The team at Groundwork know that writing grant applications can be one of the hardest parts of securing funding for community groups. So they wrote up a handy guide to help you on your way!
The Groundwork report found that writing grant applications is one of the factors that community groups find particularly challenging. As many of us know, it can be a lengthy and complicated process. But don’t worry. We’re here to help. This Groundwork guide combined with the wealth of knowledge across the Semble network will have you writing those applications in no time.
1. Before you apply
Writing funding applications is much easier, and you are more likely to be successful, if you have prepared well with your group.
Funders require very specific information about what you want their money for, how it will be spent, and what this will help you to achieve.
The person or people writing the application may not be the same people running the activities. By involving as many people as possible from your group in the planning stage, you can make sure you describe the activities accurately and have a clear idea about what you will need to ask for money for.
Different funders fund different things. Having a good idea about what you need funding for will help you apply to funders that are more likely to give you funding.
2. Writing a good application – top tips
1. Have a clear outline of the project – know exactly what you want to do.
2. Assume the funder knows nothing about your organisation or the subject matter.
3. Do not use jargon, use plain, succinct and simple language.
4. Pick out key words in questions which the funder wants to see in each answer – use the funder’s language.
5. Stick to the question, do not deviate.
6. Use positive statements, not weak / negative words (‘We will try …’ is weak, ‘We will…’ is strong).
7. Think of your audience – use headlines, bullet points etc to make it easy for the funder to read.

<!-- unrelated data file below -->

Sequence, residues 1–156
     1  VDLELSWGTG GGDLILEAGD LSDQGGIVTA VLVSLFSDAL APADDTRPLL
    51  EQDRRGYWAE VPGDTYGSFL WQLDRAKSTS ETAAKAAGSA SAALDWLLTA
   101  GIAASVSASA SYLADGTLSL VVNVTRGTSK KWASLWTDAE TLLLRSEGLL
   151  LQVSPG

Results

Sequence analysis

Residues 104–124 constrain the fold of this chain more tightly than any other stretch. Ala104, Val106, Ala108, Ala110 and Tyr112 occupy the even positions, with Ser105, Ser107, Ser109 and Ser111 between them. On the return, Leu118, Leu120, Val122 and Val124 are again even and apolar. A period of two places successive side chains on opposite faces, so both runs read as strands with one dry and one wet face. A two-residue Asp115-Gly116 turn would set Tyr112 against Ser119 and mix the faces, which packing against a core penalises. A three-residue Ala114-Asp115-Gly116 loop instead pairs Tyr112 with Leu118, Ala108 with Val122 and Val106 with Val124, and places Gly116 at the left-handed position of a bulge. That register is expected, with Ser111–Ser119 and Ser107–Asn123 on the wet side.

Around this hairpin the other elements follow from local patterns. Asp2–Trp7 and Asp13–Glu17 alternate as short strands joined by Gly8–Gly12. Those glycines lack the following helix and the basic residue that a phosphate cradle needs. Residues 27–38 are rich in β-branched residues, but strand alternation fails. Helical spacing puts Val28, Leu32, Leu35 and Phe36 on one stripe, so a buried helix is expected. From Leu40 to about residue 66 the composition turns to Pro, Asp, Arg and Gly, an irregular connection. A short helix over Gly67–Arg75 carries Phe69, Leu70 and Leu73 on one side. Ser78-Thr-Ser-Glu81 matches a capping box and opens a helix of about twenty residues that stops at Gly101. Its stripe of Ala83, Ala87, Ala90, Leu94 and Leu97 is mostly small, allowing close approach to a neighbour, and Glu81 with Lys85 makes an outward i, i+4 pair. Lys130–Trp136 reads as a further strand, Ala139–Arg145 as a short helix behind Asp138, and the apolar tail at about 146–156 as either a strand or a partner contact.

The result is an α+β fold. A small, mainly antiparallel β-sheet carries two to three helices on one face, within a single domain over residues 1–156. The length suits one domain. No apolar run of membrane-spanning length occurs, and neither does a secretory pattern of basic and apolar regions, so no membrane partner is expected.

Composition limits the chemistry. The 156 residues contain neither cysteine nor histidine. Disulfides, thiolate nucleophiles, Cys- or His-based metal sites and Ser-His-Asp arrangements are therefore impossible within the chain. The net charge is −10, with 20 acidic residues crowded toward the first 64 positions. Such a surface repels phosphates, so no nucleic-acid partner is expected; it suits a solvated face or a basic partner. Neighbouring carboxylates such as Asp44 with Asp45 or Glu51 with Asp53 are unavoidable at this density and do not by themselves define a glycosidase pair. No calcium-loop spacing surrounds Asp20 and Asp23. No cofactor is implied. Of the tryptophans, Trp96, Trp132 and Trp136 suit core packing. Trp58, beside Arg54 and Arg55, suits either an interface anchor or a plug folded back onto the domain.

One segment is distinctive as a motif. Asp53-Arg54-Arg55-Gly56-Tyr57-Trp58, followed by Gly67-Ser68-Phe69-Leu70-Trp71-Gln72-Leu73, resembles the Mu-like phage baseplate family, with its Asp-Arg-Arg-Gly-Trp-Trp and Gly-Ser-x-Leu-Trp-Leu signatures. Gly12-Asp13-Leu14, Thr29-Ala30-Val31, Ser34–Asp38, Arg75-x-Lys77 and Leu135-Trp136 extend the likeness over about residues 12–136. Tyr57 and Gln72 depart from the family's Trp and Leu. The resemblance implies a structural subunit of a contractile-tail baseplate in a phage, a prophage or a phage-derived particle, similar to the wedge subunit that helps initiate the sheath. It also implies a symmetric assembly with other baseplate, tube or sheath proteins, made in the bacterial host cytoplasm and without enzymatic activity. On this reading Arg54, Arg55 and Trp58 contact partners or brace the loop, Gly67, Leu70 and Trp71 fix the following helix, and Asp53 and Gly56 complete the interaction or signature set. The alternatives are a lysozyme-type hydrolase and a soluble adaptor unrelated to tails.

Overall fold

8. Use visual aids – photographs which will pull on the emotions and show a difference.
9. Don’t waffle – remove any redundant words.
10. Draft a detailed budget based on real figures and do not apply for the maximum amount if you do not need to.
11. Read it aloud to someone else to see if they understand what you are asking for.
12. Allow time to proof read – attention to detail is important.
3. Why do applications fail?
Ten common reasons reported by funders are as follows.
1. The applicant is not eligible because of its legal form, lack of charity status, size or geographical remit.
2. Projects appear poorly planned.
3. Applicants do not present their project clearly and concisely on the application form.
4. The applicant fails to demonstrate that they meet the criteria.
5. Applications are made without monitoring and evaluation processes in place.
6. The budget is problematic and/or unconvincing
7. The applicant misses the deadline.
8. The form is incomplete.
9. The supporting documents are incomplete, inaccurate, out-of-date, contradict the application form or are simply not enclosed.
10. The applicant is asking for too much.
Select this link for the full guide including a breakdown of planning activities to maximise your chances of success, a list of brilliant funding sources and a concise fundraiser’s checklist.
Don’t forget to make the most of the Semble community. There are plenty of community groups across the platform with a wealth of knowledge around writing these applications. So go ahead: connect, share, learn and inspire.